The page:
Visibility is a buzzword word that is thrown around supply chain circles that seems to have lost all meaning. While everyone talks about it, it means something different to different people. In the post, I’m going to describe five levels of visibility, ranging from level 1-Low to level 5 high.
To draw a line in the sand, I would say that true visibility is achieved only when the fifth level has been achieved. Supply chain professionals should be on a quest to evolve their processes and technology stack to achieve each successive level of visibility, as each level of achievement represents a dramatic unlocking of value to their organization.
Visibility Level 1: Where is the shipment?
With each discussion I have with the trade, this seems to be the single biggest articulated challenge that supply chain professionals have. And it is a challenge. For most organizations, they utilize multiple service providers within their supply chain: freight forwarder(s), steamship line(s), air carriers, drayage companies, customs broker(s), and so on.
This visibility challenge, however, is reasonably straightforward. Most service providers know exactly where your shipment is. They have systems that enable you to understand where the shipment is. It is just a lot of work. Each service provider has their own system. It just seems to be a lot of work for an employee to survey each system and look for a status update.
There are several solutions to solving this problem. The first, most obvious, and likely most complicated solution is to attempt to integrate your service providers’ system into your system. This gets geometrically more complicated and expensive with each incremental service provider. But it ultimately solves your problem. You should be able to get automated updates as to the movement of your containers.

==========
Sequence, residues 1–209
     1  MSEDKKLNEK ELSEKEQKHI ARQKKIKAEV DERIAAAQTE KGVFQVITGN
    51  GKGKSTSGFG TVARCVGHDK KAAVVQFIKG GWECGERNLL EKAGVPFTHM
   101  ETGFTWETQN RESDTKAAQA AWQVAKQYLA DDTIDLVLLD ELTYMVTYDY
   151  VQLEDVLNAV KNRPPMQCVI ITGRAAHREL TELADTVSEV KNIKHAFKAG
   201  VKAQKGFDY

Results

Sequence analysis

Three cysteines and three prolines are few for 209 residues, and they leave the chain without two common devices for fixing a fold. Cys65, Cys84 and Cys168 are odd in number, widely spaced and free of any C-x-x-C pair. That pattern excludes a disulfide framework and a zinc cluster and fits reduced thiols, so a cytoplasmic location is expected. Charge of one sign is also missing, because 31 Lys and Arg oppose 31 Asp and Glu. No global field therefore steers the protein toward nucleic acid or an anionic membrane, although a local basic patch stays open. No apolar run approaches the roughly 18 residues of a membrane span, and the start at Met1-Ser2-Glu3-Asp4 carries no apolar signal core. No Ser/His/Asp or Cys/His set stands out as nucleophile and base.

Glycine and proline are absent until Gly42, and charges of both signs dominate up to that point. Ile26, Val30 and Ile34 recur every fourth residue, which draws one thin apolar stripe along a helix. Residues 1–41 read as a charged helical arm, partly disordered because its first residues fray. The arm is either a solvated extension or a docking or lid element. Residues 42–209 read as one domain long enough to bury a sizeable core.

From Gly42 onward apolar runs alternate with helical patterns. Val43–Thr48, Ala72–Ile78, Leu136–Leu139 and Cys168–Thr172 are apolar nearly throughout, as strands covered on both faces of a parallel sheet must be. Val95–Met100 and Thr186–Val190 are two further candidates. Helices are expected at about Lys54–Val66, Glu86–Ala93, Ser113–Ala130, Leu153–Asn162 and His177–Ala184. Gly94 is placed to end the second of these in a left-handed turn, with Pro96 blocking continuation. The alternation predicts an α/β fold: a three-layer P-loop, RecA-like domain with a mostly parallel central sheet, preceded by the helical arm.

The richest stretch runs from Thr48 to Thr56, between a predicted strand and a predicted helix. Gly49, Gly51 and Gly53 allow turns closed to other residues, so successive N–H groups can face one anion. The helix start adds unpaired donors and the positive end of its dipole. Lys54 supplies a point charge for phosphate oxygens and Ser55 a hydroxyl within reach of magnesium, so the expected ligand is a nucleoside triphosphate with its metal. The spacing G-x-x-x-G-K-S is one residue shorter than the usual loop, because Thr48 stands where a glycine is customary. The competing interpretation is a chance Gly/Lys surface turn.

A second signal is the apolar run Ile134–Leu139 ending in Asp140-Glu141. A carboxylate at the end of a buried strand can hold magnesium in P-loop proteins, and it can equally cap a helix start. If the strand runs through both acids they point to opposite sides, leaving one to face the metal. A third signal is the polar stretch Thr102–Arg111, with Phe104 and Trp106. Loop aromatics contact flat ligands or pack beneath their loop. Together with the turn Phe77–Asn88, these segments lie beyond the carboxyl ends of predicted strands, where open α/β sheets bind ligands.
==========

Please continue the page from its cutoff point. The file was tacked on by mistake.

The second method of solving this problem is to acquire the services of a solution such as INTTRA , Winweb Connect , or Project44 . While each service is slightly different, they aggregate the updates from various services, so integration becomes simpler and less expensive.
Ultimately, answering the question Where is a container? should be reasonably straightforward (if expensive and technologically complex).
Visibility Level 2: Where is the product?
Depending on where you sit within your organization or how your organization operates, you may or may not see this as a challenge. If you are always selling out of inventory, then you likely don’t care where your product is before it gets to the warehouse. All you care about is that it is there or not. Companies that operate this way carry excess inventory (read: operate with high costs) because they don’t have sufficient control over their inbound supply chain to operate with less.
But there are invariably people within your organization that do care about where their product is. Buyers, Sales people, Chief Supply Chain Officers, and often senior executives care about where their product is. They don’t care about the location of a container…they have promised a certain product or set of products to their customers, and they want to understand the location of a product.
This is challenge of a more complex nature, and it is important to understand why your company’s technology infrastructure likely isn’t currently capable of solving this problem.